Alex Wisser

photocentric

Tag: photograph

The Forest for the Trees

by Alex Wisser

This exhibition at Branch 3d, a window gallery in Glebe in Sydney was made at the invitation of Branch 3d director Sarah Nolan.  I have been working with cans for well over a year, a practice that evolved out of a consideration of the 2d picture plane in photography which for me is more absolute than that of  painting because of the lack of material mark, and the weak relationship of the photograph to its support.  The can presented itself as a particular solution because it occurred to me that we 3 dimensionalise photographs all the time in the labeling of things.  The forest motif entered because at the time of the invitation I was photographing this feral pine plantation and really enjoying the democratic nature of these photographs.   I could photograph anything and it would turn out beautiful.  This seemed to me to be an appropriate marriage between the two projects.

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Review: Damian Dillon “Jailbreak” at Artereal

by Alex Wisser

Damian Dillon’s work involves defac­ing doc­u­men­tary pho­tographs of banal sub­jects, insert­ing crude human ges­ture into the aus­tere dis­tance of the pho­to­graphic pic­ture plane.  The results have always been unnerv­ing com­po­si­tions of pow­er­ful effect that I could appre­hend intu­itively, but have never quite under­stood.  I knew that I liked them but I could never locate why.  While this expe­ri­ence was not some­thing I minded, it was a wel­come sur­prise to find in his new show at Arte­real gallery, Jail­break , a level of res­o­lu­tion and cogency that allowed me to bet­ter grap­ple with the forces he puts into play with his process.  What was not sur­pris­ing was that these forces took on the nature of contradiction.

This is per­haps best illus­trated through ref­er­ence to the odd­ity of his names.  Though the show is called Jail­break, all of the works in it are named Real Estate .  The log­i­cal dis­cord of this nam­ing strat­egy is strangely off putting, the two terms belong to com­pletely dif­fer­ent realms of dis­course and their con­junc­tion is awk­ward, unsta­ble, even trans­gres­sive.  Yet, when the ques­tion of their rela­tion is allowed to set­tle, the terms res­onate, draw­ing fas­ci­nat­ing, asym­met­ri­cal con­nec­tions between them.  The con­ti­nu­ity, for instance, between Australia’s con­vict past and it’s cur­rent obses­sion with real estate, or the oblique par­al­lels that run between hous­ing estates and pris­ons – begin to make a kind of sense that is only gen­er­ated through such transgression.

This same strat­egy is at work in Dillon’s pho­tographs of hous­ing estates in Great Britain and Aus­tralia.  Rough frag­ments of these two worlds are brought into abrupt con­junc­tion and marred by shapes crudely drawn in Pho­to­shop or made directly onto the pho­to­graph using an indeli­ble marker.  Dillon’s inter­ven­tions into the pho­to­graphic pic­ture plane have the qual­ity of van­dal­ism, con­tain­ing within them the destruc­tive expres­sion of the desire to break, dis­turb, and dis­rupt the inescapably grim con­ti­nu­ity of the real­i­ties they refer to.  This destruc­tion though is essen­tially cre­ative, seek­ing to decom­pose the rei­fied form of bleak, con­crete and fatal cer­tainty, releas­ing the forces of pos­si­bil­ity con­strained within them.  The cre­ative ges­ture is left crudely incom­plete, trac­ing the child­ish out­line of a human house from of the inhu­man forms that make up its prison.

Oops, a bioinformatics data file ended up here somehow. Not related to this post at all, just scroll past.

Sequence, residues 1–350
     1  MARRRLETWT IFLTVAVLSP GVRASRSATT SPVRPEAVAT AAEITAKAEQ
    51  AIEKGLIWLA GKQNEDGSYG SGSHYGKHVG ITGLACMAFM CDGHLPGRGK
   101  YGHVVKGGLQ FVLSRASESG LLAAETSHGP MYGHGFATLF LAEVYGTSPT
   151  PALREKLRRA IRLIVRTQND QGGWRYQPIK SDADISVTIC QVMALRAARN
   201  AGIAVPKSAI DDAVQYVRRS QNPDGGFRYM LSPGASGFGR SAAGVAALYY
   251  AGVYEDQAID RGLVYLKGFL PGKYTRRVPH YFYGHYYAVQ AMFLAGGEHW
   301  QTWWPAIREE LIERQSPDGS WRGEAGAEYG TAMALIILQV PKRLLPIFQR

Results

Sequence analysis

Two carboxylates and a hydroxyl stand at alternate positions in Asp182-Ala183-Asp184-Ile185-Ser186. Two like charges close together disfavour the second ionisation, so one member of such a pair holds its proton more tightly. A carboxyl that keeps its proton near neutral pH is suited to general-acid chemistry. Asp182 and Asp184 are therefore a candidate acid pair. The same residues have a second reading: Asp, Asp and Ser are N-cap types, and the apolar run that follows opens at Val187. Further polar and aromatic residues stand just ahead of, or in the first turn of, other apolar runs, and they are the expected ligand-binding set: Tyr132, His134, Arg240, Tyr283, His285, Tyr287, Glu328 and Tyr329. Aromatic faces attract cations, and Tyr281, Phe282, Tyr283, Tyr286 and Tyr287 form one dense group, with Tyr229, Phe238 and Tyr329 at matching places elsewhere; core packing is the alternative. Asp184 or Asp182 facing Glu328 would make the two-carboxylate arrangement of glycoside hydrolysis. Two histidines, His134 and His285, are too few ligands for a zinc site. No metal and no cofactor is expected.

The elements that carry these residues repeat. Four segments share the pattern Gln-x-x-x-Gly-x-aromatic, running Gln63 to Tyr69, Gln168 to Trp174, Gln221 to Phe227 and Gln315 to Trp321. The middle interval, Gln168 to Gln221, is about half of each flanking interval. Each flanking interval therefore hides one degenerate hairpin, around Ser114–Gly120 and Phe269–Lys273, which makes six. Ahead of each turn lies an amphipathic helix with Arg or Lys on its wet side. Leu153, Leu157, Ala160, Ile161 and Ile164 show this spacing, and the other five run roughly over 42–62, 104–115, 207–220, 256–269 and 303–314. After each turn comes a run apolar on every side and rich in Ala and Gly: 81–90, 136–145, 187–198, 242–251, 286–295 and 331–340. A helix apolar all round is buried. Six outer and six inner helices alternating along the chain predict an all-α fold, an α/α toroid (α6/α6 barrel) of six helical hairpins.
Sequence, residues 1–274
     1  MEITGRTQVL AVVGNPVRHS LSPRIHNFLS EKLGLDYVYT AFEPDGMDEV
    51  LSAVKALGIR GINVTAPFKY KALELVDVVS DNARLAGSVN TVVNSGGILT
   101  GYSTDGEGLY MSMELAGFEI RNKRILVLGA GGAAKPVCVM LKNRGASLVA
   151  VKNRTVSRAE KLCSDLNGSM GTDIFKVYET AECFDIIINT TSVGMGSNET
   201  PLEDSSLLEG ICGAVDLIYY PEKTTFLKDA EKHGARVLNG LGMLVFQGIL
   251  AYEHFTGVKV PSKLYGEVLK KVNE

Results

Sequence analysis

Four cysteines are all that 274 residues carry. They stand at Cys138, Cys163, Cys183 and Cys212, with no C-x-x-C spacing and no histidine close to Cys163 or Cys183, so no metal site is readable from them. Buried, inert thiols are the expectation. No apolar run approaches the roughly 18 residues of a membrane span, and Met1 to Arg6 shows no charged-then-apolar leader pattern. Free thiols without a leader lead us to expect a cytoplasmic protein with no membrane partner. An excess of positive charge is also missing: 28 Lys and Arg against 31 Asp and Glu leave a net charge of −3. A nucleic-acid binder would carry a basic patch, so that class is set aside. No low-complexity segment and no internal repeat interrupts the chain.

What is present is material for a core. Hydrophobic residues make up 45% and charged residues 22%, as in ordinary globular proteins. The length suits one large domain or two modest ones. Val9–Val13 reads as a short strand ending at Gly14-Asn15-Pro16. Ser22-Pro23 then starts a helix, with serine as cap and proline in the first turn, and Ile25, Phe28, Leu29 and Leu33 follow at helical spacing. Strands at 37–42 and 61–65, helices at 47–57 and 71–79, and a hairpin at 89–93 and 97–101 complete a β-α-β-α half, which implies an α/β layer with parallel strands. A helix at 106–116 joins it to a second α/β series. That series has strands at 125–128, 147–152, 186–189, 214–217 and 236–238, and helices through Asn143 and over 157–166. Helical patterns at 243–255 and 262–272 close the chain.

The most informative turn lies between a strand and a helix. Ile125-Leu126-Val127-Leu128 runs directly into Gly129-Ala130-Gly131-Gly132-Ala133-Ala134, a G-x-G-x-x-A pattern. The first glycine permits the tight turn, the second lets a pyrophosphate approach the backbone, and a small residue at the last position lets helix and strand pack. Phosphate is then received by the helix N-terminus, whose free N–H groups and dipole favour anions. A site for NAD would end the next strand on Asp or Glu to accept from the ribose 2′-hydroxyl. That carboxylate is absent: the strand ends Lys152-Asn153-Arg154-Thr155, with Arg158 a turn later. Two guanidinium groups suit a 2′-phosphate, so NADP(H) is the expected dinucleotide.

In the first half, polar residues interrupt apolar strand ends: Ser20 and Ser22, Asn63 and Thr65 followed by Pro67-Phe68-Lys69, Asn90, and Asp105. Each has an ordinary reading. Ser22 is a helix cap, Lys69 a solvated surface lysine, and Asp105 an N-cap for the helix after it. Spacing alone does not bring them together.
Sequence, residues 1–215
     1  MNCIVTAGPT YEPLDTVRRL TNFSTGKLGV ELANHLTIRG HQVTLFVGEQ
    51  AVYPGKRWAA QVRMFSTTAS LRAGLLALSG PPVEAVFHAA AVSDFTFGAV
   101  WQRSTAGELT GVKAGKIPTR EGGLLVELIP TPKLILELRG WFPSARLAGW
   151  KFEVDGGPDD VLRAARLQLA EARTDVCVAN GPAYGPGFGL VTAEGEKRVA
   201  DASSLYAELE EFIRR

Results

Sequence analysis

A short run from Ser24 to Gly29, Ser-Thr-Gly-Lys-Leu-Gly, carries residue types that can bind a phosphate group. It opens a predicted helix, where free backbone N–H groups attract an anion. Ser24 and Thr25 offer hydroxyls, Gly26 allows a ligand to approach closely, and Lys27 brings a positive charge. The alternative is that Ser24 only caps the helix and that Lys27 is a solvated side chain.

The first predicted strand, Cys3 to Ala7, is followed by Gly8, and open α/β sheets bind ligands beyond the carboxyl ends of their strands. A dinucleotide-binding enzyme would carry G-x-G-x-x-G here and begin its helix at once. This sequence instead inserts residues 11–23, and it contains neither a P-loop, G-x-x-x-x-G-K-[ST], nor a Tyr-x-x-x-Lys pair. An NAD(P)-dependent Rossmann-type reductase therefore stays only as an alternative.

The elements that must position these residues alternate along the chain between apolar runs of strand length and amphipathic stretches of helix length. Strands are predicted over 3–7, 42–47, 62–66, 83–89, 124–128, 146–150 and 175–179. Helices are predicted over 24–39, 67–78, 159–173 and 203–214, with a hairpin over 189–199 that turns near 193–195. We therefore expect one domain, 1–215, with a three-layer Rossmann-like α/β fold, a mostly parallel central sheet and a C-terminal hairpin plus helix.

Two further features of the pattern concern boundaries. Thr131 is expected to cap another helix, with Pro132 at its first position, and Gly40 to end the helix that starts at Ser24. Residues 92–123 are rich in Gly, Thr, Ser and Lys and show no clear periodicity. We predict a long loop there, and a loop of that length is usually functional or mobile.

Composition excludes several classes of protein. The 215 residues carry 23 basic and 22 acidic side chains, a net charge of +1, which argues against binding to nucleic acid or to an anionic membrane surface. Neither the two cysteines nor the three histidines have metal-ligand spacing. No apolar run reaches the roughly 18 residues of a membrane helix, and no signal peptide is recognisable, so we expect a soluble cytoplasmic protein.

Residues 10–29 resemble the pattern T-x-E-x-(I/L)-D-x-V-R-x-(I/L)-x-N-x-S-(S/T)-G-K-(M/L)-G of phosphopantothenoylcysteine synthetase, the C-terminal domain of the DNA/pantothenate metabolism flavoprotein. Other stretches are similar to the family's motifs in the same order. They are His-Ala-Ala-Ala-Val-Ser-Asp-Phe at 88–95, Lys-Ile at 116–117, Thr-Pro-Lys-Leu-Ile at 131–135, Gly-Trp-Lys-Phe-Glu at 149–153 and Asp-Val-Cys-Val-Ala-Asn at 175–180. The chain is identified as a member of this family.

The effect of all these dis­rup­tions though is one of unex­pected con­ti­nu­ity.   Ros­alind Krauss once observed that the mute­ness of the pho­to­graphic index derived from the implaca­ble con­ti­nu­ity of its pic­ture plane: that it could not be artic­u­lated into dis­crete units of mean­ing, as lan­guage can, gave the pho­to­graph its unspeak­ing aspect.  I was sur­prised to find that despite Dillon’s many dis­rup­tions and break­ages, the con­ti­nu­ity of the pic­ture plane remained, or per­haps closed over its newly dis­uni­fied con­tents, envelop­ing them in its ret­i­cent tes­ti­mony.  This was due, I sus­pect, on the pre­dom­i­nant use of Pho­to­shop to make his marks, which leaves the sur­face of the pho­to­graph intact.  The occa­sional inter­ven­tions onto the lit­eral sur­face, act in con­trast as strik­ing, almost vio­lent accents break­ing the illu­sion of break­age he has cre­ated for us within the pic­ture plane – at once shar­ing the same impulse and ori­gin as the Pho­to­shop marks and yet tak­ing place in a com­pletely dif­fer­ent dimen­sion and thus remark­ing upon and encap­su­lat­ing the entire van­dal­is­tic process in his art.

These works are ulti­mately an expres­sion of hope; a hope sus­tained by the desire to shat­ter or trans­gress the impla­ca­bil­ity of the world as it is, so that some­thing, any­thing might be cre­ated from its ruins.  This expres­sion, though, is itself entrapped in the world it attempts to tear down.  This hope is as fatal­is­tic as the world it bright­ens.  It does not offer us utopic vis­tas or pris­tine Arca­dias or any of the other dreams into which we might escape real­ity. It offers us only pub­lic hous­ing estates, these habi­tats of poverty, fear, and extreme despair and yet, within that world, as a native to it, hope and a wil­fully cre­ative urge dwell as the impulse of run­ning water in a frozen place.